LAST DECEMBER, I was planning to write an essay on the politics of the imagination for this magazine. But then I felt so worn out by worrying about how to urgently cut a lot of money from next year’s budget in my corner of the university, as happens every year at this time, while at the same time worrying about how to urgently spend a lot of money from last year’s budget, as happens every year at this time, and then too, worrying about whether our fabulous research group (being only a capital-G Group and not a capital-C Centre) might be left out when the new capital-P Platforms come on line, not to mention worrying about whether my staff had exceeded or only met expectations against their objectives, both cascaded and individual, and how I would handle any difficult conversations with them without having been to any of the four free management coaching sessions I was entitled to – in sum, worrying about a myriad such things, big and small – that I gave up. However, refreshed after the Christmas break, I reconsidered. For one reason, such an essay, in such a distinguished outlet, would be good for my KPIs…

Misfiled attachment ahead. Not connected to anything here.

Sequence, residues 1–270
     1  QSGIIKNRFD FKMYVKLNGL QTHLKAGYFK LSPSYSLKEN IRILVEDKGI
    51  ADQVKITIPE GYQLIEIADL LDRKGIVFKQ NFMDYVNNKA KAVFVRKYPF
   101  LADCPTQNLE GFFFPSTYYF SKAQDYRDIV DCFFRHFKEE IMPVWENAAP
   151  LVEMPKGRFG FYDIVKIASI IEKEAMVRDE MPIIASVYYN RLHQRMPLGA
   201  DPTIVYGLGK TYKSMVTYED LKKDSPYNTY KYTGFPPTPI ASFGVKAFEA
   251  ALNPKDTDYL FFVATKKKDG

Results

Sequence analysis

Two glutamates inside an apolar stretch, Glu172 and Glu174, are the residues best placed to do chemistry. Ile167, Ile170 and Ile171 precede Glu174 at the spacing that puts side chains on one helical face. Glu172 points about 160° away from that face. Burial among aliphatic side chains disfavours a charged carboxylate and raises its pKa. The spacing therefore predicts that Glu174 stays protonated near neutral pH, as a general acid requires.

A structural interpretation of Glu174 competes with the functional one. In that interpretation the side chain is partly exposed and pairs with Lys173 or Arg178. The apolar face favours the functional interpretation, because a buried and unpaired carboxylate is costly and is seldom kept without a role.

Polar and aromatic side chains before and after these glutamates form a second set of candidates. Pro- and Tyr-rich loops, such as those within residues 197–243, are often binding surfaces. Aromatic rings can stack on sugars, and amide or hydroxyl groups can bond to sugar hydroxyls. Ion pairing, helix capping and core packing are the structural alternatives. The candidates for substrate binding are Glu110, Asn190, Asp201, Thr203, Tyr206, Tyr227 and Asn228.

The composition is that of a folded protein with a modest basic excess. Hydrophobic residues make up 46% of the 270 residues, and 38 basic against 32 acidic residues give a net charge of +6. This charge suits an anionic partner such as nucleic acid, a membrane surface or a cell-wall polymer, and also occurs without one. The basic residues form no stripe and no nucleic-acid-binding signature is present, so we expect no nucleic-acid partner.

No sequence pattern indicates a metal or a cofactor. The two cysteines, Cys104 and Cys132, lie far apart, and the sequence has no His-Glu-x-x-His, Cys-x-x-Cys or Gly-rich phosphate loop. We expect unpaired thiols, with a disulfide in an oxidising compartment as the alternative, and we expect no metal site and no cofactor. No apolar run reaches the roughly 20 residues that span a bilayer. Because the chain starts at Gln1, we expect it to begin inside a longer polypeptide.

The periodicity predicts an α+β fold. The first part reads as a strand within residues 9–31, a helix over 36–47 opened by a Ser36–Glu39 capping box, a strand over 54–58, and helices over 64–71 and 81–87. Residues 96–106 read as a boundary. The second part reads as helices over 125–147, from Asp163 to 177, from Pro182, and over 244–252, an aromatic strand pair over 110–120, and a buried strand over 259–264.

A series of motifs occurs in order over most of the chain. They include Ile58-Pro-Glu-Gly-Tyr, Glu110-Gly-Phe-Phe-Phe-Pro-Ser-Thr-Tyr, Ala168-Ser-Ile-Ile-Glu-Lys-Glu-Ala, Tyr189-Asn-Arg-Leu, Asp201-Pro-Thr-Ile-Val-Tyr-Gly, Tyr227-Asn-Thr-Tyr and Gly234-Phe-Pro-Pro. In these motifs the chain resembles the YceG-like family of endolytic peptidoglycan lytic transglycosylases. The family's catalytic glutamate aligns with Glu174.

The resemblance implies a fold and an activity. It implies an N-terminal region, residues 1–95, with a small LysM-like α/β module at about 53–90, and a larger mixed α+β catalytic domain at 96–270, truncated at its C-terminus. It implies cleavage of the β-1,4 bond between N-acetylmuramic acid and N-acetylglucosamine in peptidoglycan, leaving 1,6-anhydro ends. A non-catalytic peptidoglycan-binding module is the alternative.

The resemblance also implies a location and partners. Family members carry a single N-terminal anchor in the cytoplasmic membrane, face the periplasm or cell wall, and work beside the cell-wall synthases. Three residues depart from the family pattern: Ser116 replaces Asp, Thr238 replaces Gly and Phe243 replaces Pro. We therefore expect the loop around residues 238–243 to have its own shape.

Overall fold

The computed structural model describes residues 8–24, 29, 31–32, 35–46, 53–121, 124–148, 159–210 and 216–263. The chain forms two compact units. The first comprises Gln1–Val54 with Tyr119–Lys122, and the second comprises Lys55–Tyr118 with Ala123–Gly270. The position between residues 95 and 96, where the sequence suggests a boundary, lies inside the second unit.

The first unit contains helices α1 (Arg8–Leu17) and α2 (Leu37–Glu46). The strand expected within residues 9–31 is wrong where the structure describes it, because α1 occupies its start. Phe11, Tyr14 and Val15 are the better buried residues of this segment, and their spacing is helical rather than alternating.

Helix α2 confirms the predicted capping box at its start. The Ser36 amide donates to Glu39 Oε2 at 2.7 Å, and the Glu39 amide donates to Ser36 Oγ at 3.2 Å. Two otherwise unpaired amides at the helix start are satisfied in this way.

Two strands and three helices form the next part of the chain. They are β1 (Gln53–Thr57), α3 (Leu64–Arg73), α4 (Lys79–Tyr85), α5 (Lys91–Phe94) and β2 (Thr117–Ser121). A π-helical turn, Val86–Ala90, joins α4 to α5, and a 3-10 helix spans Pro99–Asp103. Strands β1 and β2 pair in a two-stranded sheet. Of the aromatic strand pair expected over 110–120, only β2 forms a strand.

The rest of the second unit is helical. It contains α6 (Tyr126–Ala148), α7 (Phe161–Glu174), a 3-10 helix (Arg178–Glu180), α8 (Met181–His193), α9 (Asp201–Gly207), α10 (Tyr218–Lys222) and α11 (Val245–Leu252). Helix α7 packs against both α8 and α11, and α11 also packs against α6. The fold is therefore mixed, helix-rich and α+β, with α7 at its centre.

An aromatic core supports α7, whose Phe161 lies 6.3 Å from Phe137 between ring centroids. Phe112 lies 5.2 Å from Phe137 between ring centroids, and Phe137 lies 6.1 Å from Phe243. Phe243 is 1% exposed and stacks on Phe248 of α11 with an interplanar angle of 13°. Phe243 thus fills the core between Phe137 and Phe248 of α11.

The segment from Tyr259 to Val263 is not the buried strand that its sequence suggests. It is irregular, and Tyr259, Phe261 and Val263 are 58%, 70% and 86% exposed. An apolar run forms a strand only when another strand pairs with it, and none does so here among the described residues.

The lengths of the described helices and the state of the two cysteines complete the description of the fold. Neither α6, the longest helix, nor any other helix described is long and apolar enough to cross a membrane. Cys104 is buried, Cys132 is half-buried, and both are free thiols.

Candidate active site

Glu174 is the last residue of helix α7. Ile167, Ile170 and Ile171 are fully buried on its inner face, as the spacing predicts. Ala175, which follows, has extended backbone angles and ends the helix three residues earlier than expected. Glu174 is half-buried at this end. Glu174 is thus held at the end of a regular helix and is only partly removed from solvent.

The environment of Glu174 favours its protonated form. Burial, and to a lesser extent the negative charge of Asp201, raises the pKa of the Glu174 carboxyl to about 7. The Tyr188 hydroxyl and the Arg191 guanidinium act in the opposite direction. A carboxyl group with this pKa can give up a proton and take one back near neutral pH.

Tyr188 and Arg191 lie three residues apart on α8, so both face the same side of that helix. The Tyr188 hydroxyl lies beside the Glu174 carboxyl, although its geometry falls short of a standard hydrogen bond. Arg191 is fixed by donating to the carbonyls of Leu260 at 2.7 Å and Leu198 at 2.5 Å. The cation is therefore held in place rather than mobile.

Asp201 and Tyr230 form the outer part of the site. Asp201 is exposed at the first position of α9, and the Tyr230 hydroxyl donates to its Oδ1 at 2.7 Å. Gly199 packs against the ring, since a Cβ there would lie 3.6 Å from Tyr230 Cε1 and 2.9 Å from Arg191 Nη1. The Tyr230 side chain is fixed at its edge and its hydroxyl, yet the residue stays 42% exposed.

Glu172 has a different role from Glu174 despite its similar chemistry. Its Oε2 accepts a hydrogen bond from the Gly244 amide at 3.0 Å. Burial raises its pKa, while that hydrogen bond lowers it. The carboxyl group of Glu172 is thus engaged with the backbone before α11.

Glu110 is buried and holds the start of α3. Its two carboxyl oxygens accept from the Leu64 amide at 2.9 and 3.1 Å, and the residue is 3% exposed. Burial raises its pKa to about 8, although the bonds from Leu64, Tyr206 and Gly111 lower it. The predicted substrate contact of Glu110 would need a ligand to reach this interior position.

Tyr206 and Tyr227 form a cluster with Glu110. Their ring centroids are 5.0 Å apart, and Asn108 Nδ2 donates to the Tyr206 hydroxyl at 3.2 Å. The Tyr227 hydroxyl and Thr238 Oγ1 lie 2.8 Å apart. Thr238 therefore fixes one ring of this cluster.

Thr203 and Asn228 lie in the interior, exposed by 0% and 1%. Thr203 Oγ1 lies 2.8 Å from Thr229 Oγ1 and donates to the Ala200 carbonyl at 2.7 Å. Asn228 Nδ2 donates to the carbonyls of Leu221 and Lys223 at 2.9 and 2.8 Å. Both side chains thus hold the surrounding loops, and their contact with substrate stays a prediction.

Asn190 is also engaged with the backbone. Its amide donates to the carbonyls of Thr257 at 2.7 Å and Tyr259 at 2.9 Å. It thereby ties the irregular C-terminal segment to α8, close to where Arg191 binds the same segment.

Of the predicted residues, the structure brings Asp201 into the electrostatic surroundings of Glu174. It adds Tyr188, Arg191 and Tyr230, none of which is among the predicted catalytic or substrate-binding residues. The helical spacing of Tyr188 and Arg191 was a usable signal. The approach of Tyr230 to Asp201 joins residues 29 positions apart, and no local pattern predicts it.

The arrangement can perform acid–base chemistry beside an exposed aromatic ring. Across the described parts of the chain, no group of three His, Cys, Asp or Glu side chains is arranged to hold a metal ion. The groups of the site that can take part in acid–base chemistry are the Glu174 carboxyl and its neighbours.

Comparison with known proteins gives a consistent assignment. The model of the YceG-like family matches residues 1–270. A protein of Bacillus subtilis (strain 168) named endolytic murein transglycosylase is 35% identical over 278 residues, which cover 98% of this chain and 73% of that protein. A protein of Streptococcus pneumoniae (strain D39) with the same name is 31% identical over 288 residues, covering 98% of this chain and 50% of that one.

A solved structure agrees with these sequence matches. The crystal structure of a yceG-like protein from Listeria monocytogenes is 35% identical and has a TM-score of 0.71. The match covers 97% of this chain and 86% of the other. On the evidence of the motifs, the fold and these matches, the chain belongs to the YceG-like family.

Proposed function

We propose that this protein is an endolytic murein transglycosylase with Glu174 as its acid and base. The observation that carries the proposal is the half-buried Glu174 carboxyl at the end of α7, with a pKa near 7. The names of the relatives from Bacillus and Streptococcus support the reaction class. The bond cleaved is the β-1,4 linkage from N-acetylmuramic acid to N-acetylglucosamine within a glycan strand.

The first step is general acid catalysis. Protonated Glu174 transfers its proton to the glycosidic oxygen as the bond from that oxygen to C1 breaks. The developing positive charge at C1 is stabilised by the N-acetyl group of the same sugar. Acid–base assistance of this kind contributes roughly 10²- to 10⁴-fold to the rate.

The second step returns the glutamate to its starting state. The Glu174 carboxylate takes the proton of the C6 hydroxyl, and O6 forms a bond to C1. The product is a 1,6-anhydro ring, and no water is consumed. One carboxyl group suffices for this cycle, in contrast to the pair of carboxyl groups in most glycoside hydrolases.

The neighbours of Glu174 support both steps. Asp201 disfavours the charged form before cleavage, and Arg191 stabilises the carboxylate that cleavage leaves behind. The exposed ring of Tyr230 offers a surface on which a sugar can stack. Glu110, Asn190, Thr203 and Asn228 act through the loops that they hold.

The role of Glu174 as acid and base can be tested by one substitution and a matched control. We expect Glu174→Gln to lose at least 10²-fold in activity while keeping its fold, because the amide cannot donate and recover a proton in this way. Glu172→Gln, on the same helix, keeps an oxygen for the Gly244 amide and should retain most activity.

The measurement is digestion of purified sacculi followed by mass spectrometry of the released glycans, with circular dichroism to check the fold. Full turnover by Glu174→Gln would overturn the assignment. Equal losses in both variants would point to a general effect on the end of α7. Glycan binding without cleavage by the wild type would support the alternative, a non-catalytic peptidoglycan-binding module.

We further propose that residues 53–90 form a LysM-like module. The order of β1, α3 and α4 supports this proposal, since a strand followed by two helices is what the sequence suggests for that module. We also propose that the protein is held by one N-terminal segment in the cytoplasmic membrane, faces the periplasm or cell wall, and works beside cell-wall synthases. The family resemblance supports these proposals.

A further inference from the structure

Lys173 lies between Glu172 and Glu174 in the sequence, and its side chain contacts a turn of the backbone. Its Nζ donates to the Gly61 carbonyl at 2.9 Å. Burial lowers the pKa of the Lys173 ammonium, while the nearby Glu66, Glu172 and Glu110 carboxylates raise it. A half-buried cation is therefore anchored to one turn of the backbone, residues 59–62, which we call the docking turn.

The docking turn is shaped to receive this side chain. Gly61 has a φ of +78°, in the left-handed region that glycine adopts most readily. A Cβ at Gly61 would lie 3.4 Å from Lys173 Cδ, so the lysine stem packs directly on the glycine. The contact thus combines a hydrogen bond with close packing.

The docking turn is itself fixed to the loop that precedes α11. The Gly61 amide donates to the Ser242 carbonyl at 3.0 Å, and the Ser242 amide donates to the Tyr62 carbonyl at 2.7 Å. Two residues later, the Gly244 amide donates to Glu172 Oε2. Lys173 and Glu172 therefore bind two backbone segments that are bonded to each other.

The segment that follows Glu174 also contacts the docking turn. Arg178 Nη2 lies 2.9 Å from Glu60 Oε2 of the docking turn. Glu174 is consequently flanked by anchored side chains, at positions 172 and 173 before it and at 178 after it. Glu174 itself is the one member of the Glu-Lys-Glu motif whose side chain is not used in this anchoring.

But – how have we come to this? How is it that my mind is so comfortably colonised by what American anthropologist David Graeber calls ‘bright empty terms’ like strategic planning, quality, vision and excellence and that I no longer even do ironic air quotes when I utter that acronym of distilled jargon: ‘KPIs’? Today, it is almost impossible to imagine an actually existing professional workplace in which we didn’t have a strategic plan, KPIs and all the rest. And not just in the university sector. What would we do all day? Would we simply waft from moment to moment, unstrategically? Surely our KPIs would slump, our competitors would get ahead in the marketplace, we would quickly lose our jobs… This is reality, we tell ourselves. Get a management coach.
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